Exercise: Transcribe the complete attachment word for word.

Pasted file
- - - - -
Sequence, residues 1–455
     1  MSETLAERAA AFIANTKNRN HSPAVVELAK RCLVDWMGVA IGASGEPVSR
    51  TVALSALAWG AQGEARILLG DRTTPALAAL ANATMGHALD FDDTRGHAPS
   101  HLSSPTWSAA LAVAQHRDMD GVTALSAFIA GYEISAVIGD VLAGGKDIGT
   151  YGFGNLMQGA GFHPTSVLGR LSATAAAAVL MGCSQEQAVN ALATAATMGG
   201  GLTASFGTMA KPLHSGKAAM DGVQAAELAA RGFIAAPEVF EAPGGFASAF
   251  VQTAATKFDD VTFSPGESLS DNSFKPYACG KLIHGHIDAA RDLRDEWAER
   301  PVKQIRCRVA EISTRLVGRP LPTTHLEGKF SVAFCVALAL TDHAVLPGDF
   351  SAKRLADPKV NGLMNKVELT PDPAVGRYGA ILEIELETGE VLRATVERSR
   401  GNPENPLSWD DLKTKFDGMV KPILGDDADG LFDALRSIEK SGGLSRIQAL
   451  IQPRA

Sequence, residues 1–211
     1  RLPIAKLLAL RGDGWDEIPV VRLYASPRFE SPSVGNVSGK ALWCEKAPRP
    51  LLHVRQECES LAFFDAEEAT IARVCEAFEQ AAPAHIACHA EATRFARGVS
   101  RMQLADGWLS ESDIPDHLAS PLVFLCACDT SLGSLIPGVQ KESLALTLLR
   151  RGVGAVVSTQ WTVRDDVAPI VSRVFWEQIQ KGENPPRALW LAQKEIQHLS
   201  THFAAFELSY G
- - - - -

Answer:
Sequence, residues 1–455
     1  MSETLAERAA AFIANTKNRN HSPAVVELAK RCLVDWMGVA IGASGEPVSR
    51  TVALSALAWG AQGEARILLG DRTTPALAAL ANATMGHALD FDDTRGHAPS
   101  HLSSPTWSAA LAVAQHRDMD GVTALSAFIA GYEISAVIGD VLAGGKDIGT
   151  YGFGNLMQGA GFHPTSVLGR LSATAAAAVL MGCSQEQAVN ALATAATMGG
   201  GLTASFGTMA KPLHSGKAAM DGVQAAELAA RGFIAAPEVF EAPGGFASAF
   251  VQTAATKFDD VTFSPGESLS DNSFKPYACG KLIHGHIDAA RDLRDEWAER
   301  PVKQIRCRVA EISTRLVGRP LPTTHLEGKF SVAFCVALAL TDHAVLPGDF
   351  SAKRLADPKV NGLMNKVELT PDPAVGRYGA ILEIELETGE VLRATVERSR
   401  GNPENPLSWD DLKTKFDGMV KPILGDDADG LFDALRSIEK SGGLSRIQAL
   451  IQPRA

Sequence, residues 1–211
     1  RLPIAKLLAL RGDGWDEIPV VRLYASPRFE SPSVGNVSGK ALWCEKAPRP
    51  LLHVRQECES LAFFDAEEAT IARVCEAFEQ AAPAHIACHA EATRFARGVS
   101  RMQLADGWLS ESDIPDHLAS PLVFLCACDT SLGSLIPGVQ KESLALTLLR
   151  RGVGAVVSTQ WTVRDDVAPI VSRVFWEQIQ KGENPPRALW LAQKEIQHLS
   201  THFAAFELSY G